• Green-lighting online voter registration
  • A near-prohibition on states removing inactive voters from registration rolls
  • Requires states to set up “independent” commissions for redistricting
  • Bans states from requiring voters to present ID at polling places or before requesting mail ballots

It also would allow statehood for the District of Columbia. And it would force every state to provide early voting and mandate lengthy early voting periods. (See the Poynter Institute’s Politifact for an unsympathetic fact check.)

For the record, I support some of these ideas, and might be persuaded others are worth adopting. Make your case. But don’t shove it down everyone’s throats in a godawful Russian-novel-length bill.

To be sure, liberals have demanded expanding access to the polls for decades. Good for them. Unfortunately, Democratic activists have increasingly paired expanding access with lowering eligibility requirements. Same-day registration, even on Election Day, is an example. As is blanket opposition to voter ID requirements.

Trust, but don’t verify.

In response, the right has overreacted in two ways. First, congressional Republicans have responded with their own bill. It would — wait for it — nationalize elections.

H.R. 322, the “Save Democracy Act,” would, among other things,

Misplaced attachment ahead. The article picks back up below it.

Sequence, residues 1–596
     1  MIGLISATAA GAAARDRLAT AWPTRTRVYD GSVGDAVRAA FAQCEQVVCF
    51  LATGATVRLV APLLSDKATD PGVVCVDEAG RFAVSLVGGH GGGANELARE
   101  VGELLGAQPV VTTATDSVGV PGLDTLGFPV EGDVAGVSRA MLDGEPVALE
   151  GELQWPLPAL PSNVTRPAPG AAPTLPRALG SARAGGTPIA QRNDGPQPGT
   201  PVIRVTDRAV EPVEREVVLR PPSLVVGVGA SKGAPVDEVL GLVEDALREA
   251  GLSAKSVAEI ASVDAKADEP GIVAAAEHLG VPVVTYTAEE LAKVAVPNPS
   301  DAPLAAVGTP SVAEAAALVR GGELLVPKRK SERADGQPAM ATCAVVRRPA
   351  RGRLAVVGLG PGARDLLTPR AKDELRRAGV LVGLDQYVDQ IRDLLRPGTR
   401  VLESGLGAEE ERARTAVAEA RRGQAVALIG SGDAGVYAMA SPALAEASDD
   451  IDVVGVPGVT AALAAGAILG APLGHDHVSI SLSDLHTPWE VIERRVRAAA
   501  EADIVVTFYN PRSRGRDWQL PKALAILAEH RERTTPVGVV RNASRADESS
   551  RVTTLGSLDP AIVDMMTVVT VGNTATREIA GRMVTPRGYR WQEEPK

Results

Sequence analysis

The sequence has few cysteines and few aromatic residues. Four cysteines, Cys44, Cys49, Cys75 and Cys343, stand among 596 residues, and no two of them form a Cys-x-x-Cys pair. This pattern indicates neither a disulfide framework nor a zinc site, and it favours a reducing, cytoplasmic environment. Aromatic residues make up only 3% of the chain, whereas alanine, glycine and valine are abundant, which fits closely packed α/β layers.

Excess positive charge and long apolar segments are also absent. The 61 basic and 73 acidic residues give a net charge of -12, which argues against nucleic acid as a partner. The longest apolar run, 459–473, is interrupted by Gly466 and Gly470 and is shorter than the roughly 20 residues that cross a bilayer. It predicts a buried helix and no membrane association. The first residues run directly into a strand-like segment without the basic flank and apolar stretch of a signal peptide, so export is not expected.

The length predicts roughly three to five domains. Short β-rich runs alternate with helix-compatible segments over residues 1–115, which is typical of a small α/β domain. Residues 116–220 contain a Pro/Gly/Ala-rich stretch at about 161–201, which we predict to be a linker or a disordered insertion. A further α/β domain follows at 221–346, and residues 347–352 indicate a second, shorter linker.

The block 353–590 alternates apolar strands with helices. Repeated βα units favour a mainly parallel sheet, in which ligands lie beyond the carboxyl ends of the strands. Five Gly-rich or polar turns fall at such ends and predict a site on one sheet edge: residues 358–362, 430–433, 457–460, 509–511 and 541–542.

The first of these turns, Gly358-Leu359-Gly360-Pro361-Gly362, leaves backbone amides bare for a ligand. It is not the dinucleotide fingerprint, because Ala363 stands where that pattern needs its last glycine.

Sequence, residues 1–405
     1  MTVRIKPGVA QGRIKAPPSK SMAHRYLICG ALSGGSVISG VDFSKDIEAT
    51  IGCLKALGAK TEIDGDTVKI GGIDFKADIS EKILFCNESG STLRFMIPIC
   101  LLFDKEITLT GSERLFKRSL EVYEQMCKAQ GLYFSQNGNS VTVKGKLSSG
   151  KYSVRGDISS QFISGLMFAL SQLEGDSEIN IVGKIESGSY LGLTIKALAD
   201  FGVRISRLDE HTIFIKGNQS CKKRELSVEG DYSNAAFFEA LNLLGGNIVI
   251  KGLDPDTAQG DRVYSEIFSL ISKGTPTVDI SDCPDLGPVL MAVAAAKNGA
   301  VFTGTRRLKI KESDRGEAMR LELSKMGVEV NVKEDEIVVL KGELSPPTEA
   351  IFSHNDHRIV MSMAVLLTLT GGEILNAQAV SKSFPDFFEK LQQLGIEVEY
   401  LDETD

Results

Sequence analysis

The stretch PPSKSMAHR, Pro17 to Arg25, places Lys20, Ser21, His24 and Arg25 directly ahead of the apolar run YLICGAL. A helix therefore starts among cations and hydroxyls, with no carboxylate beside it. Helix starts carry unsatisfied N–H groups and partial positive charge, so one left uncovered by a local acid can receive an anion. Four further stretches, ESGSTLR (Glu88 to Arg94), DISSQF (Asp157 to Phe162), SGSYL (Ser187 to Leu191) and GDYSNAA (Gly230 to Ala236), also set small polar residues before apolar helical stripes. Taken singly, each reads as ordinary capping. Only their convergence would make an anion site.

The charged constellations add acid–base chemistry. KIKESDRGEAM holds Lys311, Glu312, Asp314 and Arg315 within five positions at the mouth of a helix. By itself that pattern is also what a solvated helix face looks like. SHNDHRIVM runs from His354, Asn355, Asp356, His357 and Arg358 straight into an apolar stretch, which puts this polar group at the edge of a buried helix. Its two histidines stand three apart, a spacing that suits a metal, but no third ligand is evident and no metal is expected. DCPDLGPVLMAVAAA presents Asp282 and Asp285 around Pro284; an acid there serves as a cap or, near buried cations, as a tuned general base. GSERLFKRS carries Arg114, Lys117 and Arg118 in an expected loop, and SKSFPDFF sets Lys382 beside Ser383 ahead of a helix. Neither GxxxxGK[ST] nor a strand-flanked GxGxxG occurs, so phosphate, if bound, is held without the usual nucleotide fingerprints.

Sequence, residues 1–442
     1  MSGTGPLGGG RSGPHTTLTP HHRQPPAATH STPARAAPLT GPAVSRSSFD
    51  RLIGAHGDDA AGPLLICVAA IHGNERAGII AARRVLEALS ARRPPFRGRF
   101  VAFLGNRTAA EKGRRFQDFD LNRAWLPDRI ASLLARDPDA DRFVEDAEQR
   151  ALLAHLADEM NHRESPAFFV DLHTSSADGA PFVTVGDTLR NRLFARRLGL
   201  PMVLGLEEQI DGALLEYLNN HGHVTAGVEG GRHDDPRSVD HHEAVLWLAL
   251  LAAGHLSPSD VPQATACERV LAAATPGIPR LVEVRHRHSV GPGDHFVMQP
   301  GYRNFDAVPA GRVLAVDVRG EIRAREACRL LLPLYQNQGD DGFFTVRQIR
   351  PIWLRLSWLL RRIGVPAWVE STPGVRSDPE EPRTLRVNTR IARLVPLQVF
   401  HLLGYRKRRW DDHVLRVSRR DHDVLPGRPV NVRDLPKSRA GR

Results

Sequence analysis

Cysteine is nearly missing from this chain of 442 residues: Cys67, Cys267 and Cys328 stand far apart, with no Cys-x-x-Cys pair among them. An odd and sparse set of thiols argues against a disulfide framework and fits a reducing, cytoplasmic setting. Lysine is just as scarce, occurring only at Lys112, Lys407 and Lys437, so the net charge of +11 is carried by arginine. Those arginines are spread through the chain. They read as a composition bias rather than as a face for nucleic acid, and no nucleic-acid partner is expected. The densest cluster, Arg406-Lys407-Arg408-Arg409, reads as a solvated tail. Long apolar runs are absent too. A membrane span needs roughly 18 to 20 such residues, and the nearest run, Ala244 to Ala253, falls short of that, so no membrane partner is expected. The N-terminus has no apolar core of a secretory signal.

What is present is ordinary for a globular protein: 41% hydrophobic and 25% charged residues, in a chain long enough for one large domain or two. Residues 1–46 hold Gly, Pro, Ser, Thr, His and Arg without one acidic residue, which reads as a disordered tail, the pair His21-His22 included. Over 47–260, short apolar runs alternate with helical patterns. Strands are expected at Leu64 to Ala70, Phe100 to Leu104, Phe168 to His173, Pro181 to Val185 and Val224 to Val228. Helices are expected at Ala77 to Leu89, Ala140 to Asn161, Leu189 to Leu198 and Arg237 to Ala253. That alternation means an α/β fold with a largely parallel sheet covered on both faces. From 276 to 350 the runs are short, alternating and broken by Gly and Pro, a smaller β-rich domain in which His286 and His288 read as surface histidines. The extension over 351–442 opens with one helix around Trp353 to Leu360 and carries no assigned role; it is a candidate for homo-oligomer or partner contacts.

• Disqualify anyone automatically registered to vote by a state from voting in a federal election.
  • Require states to check voter IDs before allowing people to vote.
  • Require voter registration applications to include Social Security numbers.
  • Require states to purge voter lists of people who aren’t eligible to serve on juries.
  • Ban states from mailing ballots to people who haven’t requested them.
  • Ban states from accepting ballots left in drop boxes unless the boxes are in designated government offices.
  • Prevent states from accepting ballots received after the polls close on Election Day, even if they were mailed and postmarked by then. (Military and overseas voters wouldn’t be affected.)

Again, I agree with some of these proposals, or versions of them. But they should be debated and decided by state officials, not members of Congress or federal bureaucrats.

As usual, a bad idea from one party draws an equally ridiculous response from the other.

Rick Henderson, editor of Carolina Journal from 2009-20, now publishes Deregulator, a newsletter on politics and culture. For a sample or to subscribe, visit


  1. Robert Caldwell